As I entered the special exhibit at the de Young Museum, I sensed I was about to experience something extraordinary. The dimly lit room was filled with a large screen, showcasing various artistic creations such as fresco murals and stone sculptures. On each side, the walls were covered with large bodies of text and graphics depicting the location of the archeological site. Entering the exhibit, I felt as if I were transported back in time to the very beginning of civilization in the outskirts of Mexico City.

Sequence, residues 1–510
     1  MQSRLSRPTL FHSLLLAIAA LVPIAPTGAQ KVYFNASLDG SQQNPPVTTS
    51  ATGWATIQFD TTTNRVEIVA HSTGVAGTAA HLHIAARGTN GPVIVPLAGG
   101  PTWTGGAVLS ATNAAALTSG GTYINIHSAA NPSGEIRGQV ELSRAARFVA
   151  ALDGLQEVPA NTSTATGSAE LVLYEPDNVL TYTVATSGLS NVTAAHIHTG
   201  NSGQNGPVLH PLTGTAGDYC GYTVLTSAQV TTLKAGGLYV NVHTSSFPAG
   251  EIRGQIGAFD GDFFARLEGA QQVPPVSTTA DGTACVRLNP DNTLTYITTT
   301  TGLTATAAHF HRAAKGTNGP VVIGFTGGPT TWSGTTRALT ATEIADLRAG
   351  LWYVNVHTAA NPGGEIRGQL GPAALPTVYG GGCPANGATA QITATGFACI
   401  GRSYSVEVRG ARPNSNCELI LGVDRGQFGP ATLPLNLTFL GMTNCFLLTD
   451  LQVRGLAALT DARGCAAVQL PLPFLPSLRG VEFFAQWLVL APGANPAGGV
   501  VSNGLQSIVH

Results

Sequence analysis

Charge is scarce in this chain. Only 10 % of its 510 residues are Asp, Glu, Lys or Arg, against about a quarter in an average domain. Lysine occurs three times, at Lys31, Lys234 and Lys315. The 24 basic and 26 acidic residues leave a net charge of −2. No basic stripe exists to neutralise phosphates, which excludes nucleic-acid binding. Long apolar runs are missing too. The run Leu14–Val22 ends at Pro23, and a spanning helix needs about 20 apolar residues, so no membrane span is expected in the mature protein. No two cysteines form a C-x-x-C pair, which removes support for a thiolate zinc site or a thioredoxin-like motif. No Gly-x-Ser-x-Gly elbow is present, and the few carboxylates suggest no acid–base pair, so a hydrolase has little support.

The “Teotihuacan: City of Water, City of Fire” exhibit explores the ancient Aztec civilization of Teotihuacan with more than 200 objects of art and artifacts, ranging from recent excavations to those discovered a century ago. According to the de Young, the artworks show the presence of the city’s dominant ideology that reached everyday spaces, acting as a uniting force within a diverse population of immigrants from every direction and guided each of its citizens through Teotihuacan’s unique infrastructure. This exhibit utilized the city’s geography to organize the creations, focusing on the three most important architectural structures from the site: the Feathered Serpent Pyramid, the Sun Pyramid and the Moon Pyramid.
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